t1, t2 = {}
if (some_boolean) then
        mytable = t1
else
        mytable = t2
end
mytable.x = "foo"
local x = mytable.x

How could this be made constant at compile time? "x" here is just a field name, "mutable" is just a variable. There is no compile-time way to say "this table must have a field named "x" because in Lua there is no "this table" at compile time.

--Tim



On May 18, 2013, at 2:09 PM, Andres Perera <[hidden email]> wrote:

> On Sat, May 18, 2013 at 4:22 PM, Tim Hill <[hidden email]> wrote:
>> I'm not even sure if this would be possible?
>>
>> local variables are assigned to stack slots at compile time, so something like this would require the compiler to know the contents of a table at compile-time, not run-time, to determine the set of locals to create. Since tables are dynamic, this means the compiler would have to know, in advance, what the contents of a table was going to be at run time. Does not compute.
>
> Tables could be given a `constant' attribute over their keys, either
> by deduction, or in the case of what's favorable for tables holding
> module entries, by an explicit token.
>
> The concept wouldn't have to bask in more complexity than providing
> means for the compiler to asses the number of keys for the purposes of
> CT-"table globbing", which in turn is just a subset of pattern
> matching.
>
> Also, directly exposing tables to env-controlled programs is more
> performant this way than with metamethods that check for "write
> permissions".
>


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Re: Is there a kernel patch for creating local variables programmatically?

Jay Carlson

On May 18, 2013, at 6:05 PM, Tim Hill wrote:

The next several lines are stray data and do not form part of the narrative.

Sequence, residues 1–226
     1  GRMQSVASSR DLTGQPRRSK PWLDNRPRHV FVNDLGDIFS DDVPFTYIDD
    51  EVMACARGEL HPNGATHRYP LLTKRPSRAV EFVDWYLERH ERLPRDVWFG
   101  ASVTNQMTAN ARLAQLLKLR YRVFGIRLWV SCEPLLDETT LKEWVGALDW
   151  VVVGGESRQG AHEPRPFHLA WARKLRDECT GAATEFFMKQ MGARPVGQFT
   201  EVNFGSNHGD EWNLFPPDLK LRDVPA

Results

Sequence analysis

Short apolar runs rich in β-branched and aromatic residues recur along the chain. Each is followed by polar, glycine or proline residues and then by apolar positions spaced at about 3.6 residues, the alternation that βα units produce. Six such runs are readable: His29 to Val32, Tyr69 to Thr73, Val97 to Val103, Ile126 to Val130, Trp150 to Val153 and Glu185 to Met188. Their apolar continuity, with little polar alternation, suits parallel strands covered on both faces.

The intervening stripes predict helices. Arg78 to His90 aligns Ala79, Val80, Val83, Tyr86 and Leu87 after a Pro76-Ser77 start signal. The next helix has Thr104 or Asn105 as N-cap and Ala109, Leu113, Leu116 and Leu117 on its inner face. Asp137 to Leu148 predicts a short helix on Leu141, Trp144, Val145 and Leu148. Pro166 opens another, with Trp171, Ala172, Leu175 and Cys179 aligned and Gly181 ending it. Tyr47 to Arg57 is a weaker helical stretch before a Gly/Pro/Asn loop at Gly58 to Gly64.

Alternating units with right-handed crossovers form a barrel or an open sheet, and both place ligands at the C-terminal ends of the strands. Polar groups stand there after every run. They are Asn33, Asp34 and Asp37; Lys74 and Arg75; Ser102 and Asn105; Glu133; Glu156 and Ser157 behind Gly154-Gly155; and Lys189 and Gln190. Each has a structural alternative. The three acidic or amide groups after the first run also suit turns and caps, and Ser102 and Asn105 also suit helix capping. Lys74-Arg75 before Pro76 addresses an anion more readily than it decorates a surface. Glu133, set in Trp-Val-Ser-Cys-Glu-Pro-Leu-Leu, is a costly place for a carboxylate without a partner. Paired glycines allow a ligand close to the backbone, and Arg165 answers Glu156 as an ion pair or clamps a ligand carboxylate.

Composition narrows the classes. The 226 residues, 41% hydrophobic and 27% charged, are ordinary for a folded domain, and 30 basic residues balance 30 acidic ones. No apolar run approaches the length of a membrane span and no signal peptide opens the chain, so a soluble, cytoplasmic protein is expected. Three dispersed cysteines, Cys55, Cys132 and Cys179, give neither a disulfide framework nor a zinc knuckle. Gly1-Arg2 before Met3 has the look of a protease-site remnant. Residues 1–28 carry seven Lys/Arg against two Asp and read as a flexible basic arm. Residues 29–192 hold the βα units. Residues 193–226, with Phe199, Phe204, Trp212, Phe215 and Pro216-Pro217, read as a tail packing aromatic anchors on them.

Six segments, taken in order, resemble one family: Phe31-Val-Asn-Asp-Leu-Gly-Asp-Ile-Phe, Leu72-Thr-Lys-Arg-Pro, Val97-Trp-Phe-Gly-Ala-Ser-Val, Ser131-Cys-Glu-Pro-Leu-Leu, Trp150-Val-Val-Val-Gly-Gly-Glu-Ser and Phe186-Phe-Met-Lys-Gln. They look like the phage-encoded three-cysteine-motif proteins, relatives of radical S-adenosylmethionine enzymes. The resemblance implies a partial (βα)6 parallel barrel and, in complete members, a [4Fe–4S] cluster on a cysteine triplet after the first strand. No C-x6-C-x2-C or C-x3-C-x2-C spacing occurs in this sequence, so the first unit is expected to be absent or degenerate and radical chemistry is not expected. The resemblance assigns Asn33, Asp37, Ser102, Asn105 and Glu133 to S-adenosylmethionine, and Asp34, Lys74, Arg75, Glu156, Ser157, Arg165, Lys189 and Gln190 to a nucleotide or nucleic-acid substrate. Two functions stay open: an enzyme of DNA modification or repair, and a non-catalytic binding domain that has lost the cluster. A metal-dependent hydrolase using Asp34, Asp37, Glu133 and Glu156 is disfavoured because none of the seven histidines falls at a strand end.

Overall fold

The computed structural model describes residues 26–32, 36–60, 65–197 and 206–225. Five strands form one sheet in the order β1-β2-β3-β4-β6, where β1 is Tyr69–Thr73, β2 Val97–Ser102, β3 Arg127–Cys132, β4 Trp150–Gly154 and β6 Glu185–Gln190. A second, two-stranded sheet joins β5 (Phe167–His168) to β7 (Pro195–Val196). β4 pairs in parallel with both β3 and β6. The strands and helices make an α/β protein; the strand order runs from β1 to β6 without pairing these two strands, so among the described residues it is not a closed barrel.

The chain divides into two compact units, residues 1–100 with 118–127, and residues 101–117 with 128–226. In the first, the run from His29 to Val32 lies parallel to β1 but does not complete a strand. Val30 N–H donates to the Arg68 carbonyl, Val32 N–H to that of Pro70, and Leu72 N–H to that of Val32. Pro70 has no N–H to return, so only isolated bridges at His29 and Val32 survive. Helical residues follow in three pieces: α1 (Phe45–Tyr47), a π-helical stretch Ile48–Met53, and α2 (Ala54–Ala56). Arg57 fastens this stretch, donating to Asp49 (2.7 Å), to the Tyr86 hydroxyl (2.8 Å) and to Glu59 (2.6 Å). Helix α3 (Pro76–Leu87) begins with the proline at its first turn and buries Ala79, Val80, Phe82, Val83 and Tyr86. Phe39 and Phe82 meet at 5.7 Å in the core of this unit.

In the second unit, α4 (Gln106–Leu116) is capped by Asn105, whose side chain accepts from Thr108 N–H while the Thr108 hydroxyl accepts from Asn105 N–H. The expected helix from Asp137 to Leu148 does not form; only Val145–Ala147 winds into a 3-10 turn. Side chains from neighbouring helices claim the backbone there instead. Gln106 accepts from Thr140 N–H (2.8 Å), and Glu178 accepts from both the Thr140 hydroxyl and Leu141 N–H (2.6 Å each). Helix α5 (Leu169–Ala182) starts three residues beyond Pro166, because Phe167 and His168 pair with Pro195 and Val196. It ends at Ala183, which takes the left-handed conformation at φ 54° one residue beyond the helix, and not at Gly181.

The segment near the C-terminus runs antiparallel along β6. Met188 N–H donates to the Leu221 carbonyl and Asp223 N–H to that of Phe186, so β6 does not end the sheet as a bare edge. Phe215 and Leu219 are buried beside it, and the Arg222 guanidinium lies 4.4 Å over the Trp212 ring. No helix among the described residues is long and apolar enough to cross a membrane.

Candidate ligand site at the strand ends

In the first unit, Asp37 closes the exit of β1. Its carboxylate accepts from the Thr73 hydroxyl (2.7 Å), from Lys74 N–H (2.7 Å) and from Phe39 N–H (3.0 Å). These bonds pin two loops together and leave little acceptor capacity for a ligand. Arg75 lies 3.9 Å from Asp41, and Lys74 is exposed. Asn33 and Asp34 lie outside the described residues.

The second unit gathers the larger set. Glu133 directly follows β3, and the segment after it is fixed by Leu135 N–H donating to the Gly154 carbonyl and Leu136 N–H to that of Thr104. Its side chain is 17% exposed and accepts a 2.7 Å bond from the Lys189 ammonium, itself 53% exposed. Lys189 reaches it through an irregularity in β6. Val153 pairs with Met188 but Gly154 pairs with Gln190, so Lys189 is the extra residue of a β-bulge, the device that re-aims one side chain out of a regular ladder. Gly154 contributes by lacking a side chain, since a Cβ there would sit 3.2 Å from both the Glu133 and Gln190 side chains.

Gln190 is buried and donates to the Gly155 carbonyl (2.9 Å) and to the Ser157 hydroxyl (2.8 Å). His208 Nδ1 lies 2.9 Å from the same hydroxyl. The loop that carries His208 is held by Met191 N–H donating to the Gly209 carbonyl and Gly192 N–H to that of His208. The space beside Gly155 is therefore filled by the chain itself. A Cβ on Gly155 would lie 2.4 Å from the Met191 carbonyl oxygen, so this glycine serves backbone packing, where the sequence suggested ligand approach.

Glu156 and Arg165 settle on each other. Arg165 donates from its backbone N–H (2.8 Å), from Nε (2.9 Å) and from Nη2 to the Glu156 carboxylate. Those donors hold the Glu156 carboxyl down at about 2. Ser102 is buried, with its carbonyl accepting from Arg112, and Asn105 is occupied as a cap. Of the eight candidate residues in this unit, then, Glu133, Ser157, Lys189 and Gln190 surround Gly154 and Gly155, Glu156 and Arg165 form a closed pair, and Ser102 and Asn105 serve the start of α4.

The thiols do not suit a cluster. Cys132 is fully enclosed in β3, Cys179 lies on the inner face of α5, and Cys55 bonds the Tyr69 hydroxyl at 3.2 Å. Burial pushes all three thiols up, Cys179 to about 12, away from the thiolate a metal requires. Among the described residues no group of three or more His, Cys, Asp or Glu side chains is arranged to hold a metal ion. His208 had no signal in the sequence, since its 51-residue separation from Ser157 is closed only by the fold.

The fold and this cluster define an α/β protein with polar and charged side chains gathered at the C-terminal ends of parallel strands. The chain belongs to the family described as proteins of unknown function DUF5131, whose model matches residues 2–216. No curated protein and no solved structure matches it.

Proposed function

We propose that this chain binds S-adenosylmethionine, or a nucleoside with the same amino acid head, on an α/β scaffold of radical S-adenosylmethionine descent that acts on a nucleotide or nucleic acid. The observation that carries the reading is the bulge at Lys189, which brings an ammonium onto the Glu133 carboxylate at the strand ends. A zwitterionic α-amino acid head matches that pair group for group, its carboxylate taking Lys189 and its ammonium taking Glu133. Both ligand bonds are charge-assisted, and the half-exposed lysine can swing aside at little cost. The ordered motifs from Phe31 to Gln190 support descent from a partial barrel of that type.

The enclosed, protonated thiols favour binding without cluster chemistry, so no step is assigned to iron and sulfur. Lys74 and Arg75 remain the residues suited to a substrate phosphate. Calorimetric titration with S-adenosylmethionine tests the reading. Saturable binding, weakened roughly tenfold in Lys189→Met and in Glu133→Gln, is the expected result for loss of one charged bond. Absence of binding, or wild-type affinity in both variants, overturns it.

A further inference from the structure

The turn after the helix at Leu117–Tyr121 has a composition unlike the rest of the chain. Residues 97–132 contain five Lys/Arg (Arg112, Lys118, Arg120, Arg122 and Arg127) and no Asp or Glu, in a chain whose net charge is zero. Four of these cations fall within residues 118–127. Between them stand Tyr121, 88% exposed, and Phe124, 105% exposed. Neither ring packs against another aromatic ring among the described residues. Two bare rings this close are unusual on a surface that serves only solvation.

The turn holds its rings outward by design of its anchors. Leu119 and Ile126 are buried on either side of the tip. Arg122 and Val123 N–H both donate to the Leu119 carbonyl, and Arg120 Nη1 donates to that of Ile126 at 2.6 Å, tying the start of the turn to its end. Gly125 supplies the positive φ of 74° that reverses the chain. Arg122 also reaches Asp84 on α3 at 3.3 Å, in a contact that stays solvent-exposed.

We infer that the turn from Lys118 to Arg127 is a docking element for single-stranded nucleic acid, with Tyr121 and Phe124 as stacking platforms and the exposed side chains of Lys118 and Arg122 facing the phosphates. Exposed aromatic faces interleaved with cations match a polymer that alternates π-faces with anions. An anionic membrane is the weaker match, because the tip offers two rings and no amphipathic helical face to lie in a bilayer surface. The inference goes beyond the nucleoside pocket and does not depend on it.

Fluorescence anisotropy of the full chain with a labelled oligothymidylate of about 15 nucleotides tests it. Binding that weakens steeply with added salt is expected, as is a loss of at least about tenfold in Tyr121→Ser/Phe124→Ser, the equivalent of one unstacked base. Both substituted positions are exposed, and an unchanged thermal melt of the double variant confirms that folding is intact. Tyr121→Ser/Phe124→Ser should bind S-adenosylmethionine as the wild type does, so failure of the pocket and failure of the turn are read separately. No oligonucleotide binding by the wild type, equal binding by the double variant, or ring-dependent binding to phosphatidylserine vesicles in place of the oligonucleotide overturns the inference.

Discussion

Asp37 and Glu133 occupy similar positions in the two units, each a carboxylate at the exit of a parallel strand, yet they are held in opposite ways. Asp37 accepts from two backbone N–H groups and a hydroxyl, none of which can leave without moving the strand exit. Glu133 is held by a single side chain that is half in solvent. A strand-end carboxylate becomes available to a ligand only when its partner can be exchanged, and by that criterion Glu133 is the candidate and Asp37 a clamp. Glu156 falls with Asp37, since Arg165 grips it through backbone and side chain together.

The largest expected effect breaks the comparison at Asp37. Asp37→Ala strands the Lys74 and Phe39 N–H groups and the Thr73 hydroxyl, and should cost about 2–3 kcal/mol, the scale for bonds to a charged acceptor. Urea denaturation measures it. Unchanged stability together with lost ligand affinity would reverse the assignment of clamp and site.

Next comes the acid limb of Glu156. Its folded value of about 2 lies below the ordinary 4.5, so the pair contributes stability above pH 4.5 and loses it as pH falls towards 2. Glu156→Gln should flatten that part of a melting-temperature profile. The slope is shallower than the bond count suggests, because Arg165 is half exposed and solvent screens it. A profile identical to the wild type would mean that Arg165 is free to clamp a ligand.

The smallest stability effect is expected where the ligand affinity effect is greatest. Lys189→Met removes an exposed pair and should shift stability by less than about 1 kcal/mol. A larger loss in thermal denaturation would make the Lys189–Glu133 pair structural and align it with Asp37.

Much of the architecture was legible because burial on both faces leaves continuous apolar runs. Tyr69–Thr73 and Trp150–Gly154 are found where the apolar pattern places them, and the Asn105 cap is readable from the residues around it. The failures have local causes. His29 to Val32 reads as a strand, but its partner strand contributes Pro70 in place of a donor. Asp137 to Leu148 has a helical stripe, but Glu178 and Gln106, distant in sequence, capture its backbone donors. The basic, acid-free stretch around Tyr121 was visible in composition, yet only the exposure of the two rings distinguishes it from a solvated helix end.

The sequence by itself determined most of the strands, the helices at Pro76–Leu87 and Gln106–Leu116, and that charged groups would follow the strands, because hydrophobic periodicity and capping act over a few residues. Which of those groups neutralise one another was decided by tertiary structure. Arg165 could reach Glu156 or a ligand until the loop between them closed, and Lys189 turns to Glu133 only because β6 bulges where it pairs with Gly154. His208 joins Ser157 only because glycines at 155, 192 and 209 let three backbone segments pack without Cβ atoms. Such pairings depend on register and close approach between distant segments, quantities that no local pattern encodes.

> But such a change is a MUCH deeper change to Lua than just making it easier to write the local declarations. Tables have no existence at compile time in the current model,

Aw, I was gonna say that.

Here's a different way of thinking of it. Compilation is a pure function from a stream to a Lua function. The same text always produces functions which have indistinguishable behavior.

The "no macros" theorem can be derived from that.

Jay


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Re: Is there a kernel patch for creating local variables programmatically?

Jay Carlson

On May 18, 2013, at 6:22 PM, Jay Carlson wrote:

> Compilation is a pure function from a stream to a Lua function. The same text always produces functions which have indistinguishable behavior.
>
> The "no macros" theorem can be derived from that.

Well, strictly speaking you could have a certain kind of file-scoped macros. But you can't import them, which severely limits their utility.
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Re: Is there a kernel patch for creating local variables programmatically?

Andres Perera
In reply to this post by Tim Hill
On Sat, May 18, 2013 at 5:35 PM, Tim Hill <[hidden email]> wrote:
> But such a change is a MUCH deeper change to Lua than just making it easier to write the local declarations. Tables have no existence at compile time in the current model, hence the concept of "{}" as a table CONSTRUCTOR and not a table LITERAL.

The change is that a set of table constructors can now be asked to
give a maximum number of members, at CT. Non-constant tables return
"undeterminate". The prodding for maximum number of members happens
when the `from' operator is parsed.

>
> The "from" syntax I suggested has the advantage of preserving existing semantics. For example, if a table field is not defined the corresponding local will get nil, just as with an explicit assignment.
>
> I don't see how you can deduce "constancy" (by which I assume you mean "must be present", rather than "fixed value at compile time") at compile time, you would have to explicitly declare it ..

You can deduce immutability by analyzing the life-time of a table...
in the case of modules, the life-time is indeterminate, or potentially
program-lasting, which is why the `constant' attribute comes in handy.

> but where could you do that? "foo.x" is NOT a table with a field "x" .. it's just shorthand for foo["x"] which is a dynamic lookup on a dynamic table (both known only at run time). The problem here isn't so much that "x" is known, it's that the TABLE is not known until run time. Any compile time syntax you could create could only decorate a field NAME, not a field in a table. For example: